Teletext control codes

Harriet Riddle harjitmoe at
Thu Dec 16 18:06:36 CST 2021

William_J_G Overington via Unicode wrote:
> In relation to teletext control codes, my opinion is that they need to 
> be encoded separately from the C0 control range. This would ensure 
> that in interchange that none of the teletext control codes is ever 
> misinterpreted as having the basic C0 character meaning.

What is the "basic C0 character meaning"?

In fact, the method of declaring when alternative C0 and C1 sets are in 
use is already /explicitly covered/ by ISO 10646 in section 13.4, which 
I excerpt as follows (I've added some explanations in hard brackets):

    For other C0 or C1 sets, the final octet F shall be obtained from
    the International Register of Coded Character Sets. The identifier
    sequences for these sets shall be

      * ESC 02/01 F /[i.e. 0x1B 0x21 then a byte from 0x40–7E (or
        0x30–3F for a private use C0 set)]/ identifies a C0 set

      * ESC 02/02 F /[i.e. 0x1B 0x22 then a byte from 0x40–7E (or
        0x30–3F for a private use C1 set)]/ identifies a C1 set

    If such an escape sequence appears within a code unit sequence
    conforming to ISO/IEC 2022 /[this strictly speaking includes e.g.
    ISO-8859-2, EUC-JP and ISO-2022-JP but not e.g. Windows-1252,
    Shift_JIS, EBCDIC or any Unicode encoding—although this specific
    provision is applicable to any ASCII‑ish encoding]/, it shall
    consist only of the sequences of bit combinations as shown above
    /[i.e. each byte value in the escape sequence shall be emitted as a
    single byte of the specified binary value without transcoding]/.

    If such an escape sequence appears within a code unit sequence
    conforming to this document /[i.e. in a Unicode string]/, it shall
    be padded in accordance with Clause 12 /[i.e. in UTF-16 or UTF-32, a
    whole code unit shall be emitted for each byte in the escape
    sequence, not just the single byte; this has no actual effect on

(end of excerpt)

Here's the International Register; notice thirteen separate C0 sets in 
section 2.5 here, plus ten C1 sets in section 2.6:

Now, the teletext control set, as it appears in the International 
Register, is actually IR-056, which is a C1 (rather than C0) set 
registration with the escape sequence ESC 0x22 0x40; this is because one 
of the ITU T.101 Videotex formats uses the Teletext control set as its 
C1 set and its registration was referenced to ITU T.101 (this also means 
it has the ECMA-48 CSI instead of a duplicate ESC—it is important to 
note here that Teletext's use of ESC should not even still appear in 
Teletext data once it's transcoded to Unicode, since it's used for 
character set switching, albeit in a manner incompatible with ISO 2022).

So the /unambiguous/ way of representing it is to first emit the escape 
sequence U+001B+0022+0040 at the start of the string (or before any 
Teletext control codes appear), and /then/ map the Teletext controls 
(except ESC, which should change transcoder state but not be emitted) to 
U+0080–9F. This is /already well defined by the relevant standards/, and 
no work needs to be done on that front.

As for adding /support/ for this to e.g. terminal emulators, that's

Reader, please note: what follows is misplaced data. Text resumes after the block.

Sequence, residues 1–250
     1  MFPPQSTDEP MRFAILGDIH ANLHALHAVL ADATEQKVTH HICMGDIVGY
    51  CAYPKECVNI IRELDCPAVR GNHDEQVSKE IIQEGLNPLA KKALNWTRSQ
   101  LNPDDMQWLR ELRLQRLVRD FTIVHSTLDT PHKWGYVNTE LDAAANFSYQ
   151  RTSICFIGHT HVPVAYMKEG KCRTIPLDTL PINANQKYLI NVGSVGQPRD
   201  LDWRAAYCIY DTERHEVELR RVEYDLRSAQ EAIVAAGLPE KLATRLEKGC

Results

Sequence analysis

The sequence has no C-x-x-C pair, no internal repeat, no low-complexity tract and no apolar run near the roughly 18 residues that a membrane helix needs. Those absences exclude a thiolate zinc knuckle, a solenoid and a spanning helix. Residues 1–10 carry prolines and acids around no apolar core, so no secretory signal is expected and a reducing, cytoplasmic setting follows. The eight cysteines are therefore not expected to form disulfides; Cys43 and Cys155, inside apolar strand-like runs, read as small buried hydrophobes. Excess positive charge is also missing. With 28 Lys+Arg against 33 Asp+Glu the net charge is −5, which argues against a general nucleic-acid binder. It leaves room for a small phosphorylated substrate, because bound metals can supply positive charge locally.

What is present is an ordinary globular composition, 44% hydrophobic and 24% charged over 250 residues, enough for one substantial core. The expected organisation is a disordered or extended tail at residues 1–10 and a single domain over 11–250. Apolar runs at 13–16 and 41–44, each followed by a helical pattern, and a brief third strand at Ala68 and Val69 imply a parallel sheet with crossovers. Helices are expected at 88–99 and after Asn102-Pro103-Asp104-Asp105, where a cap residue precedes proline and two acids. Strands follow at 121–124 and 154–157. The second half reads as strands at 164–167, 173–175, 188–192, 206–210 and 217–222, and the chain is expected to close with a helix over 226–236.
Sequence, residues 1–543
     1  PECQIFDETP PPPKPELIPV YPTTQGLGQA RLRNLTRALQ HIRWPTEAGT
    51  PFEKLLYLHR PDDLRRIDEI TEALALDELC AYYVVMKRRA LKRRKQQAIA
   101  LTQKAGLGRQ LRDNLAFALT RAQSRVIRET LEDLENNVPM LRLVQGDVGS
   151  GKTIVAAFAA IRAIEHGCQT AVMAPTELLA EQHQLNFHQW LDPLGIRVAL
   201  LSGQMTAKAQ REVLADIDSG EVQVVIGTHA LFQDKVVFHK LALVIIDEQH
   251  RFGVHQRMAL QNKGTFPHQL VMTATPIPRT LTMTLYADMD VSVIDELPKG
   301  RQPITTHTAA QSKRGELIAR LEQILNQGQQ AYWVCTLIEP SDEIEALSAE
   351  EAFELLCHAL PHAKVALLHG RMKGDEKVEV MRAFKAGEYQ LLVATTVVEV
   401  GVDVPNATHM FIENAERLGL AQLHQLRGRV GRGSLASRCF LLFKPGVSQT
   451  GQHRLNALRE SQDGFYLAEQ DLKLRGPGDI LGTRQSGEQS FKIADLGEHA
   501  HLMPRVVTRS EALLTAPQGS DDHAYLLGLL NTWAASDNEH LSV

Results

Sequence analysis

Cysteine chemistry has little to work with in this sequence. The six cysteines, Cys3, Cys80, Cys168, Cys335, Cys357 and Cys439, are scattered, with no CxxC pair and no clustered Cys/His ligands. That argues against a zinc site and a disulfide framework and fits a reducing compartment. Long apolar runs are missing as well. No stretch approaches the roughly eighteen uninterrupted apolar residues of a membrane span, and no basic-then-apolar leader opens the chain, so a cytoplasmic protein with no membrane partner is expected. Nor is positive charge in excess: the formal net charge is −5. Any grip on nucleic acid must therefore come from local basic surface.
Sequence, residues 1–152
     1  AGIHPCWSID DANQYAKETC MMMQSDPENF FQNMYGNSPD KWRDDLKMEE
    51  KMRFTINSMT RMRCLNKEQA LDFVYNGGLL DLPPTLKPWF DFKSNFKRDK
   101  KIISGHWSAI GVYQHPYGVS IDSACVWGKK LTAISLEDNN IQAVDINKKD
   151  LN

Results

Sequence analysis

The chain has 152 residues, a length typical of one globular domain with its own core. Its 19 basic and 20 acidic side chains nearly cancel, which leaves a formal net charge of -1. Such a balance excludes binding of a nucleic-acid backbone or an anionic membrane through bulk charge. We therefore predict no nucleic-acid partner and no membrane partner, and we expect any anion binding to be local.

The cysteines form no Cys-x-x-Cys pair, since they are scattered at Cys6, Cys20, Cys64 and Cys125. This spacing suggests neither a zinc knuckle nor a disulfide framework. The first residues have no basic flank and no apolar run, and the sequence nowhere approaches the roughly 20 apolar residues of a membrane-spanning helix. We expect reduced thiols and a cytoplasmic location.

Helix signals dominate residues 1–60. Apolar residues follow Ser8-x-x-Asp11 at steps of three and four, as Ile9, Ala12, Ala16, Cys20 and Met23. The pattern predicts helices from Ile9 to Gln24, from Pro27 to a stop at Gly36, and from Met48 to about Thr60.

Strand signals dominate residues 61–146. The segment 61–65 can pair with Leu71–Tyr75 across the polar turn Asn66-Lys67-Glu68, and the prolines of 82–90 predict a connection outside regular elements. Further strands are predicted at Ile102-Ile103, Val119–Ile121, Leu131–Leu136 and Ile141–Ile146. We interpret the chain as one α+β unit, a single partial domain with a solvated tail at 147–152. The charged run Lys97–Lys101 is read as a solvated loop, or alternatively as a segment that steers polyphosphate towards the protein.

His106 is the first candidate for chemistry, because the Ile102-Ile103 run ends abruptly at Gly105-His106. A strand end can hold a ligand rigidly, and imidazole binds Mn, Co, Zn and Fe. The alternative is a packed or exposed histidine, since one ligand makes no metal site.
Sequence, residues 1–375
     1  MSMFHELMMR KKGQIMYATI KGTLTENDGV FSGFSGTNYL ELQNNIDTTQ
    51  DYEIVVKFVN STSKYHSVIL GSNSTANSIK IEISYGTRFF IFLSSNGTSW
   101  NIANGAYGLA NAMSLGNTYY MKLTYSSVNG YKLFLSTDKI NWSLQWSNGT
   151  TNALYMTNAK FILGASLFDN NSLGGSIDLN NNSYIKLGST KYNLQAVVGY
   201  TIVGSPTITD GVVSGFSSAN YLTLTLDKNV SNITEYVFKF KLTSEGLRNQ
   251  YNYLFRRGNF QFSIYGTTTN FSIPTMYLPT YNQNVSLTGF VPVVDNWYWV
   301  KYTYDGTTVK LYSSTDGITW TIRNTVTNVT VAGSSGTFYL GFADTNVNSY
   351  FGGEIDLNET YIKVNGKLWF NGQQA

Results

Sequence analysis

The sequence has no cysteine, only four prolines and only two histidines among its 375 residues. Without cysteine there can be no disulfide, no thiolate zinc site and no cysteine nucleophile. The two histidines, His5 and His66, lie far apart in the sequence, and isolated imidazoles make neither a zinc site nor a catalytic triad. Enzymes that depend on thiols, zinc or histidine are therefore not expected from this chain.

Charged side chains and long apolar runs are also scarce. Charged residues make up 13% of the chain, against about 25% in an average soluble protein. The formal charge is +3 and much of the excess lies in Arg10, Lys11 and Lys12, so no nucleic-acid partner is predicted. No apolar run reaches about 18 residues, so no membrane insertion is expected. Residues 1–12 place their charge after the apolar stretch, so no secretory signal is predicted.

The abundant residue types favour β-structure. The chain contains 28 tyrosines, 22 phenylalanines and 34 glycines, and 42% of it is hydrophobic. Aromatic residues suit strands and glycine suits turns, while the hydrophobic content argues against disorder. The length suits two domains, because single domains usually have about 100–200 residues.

another matter, but it's one which would need to be done for any other 
solution you might be inclined to propose too, so that's not really 
saying much.

> There was no ambiguity possible in a teletext system.

Well, yes, because the higher-level protocols were agreed upon as part 
of the system; it's only when this is mixed with another system (e.g. 
ECMA-48) that there needs to be indicators as to which one is in use: 
ESC 0x22 0x43 for ECMA-48's C1 set, versus ESC 0x22 0x40 for the 
Teletext controls used in the C1 area (represented either as codepoints 
or escape sequences).

> One possibility is to encode the teletext control characters as a 
> block of 32 code points in plane 14, without closing up the unused 
> points. These characters in plane 14 would be displayable characters 
> and thus not control characters in non-teletext-emulating systems, 
> each displayed as a glyph specified in The Unicode Standard as two 
> small capital letters arranged one above the other, but not 
> overlapping. For example A above G for Alphanumerics Green.

The existing control pictures never function as format effectors in 
their own right, and it would be weird if others started to.

> I opine that it would be good for the proposal be extended to include 
> encoding of the teletext control characters please.

Control "character" is a bit of a wooly term. The term "control /code/" 
refers specifically to the category Cc characters (a closed category), 
which don't have formal names (although they do have formal aliases) and 
mostly have behaviour defined by higher level protocols rather than by 
Unicode itself, some of which actually carry instructions for things 
other than the text renderer (BEL, for example). Category Cf, Zl and Zp 
characters are format effectors, which are a type of nonprinting 
character which semantically constitute part of the text itself and 
affect only how it's displayed by triggering (effecting) a particular 
format behaviour (line break, RTL override, permitted or forbidden line 
break, superscript etc). Some Cc characters from particular C0 or C1 
sets are format effectors (LF for example), but the Cf/Zl/Zp ones are 
full-fledged Unicode characters with names and semantics defined by 
Unicode itself, not a higher level protocol such as ECMA-48 or the 
aforementioned IR-056.

The Teletext controls are control /codes/, in existing systems that 
incorporate them.

> Could we discuss this please?
> William Overington
> Thursday 16 December 2021

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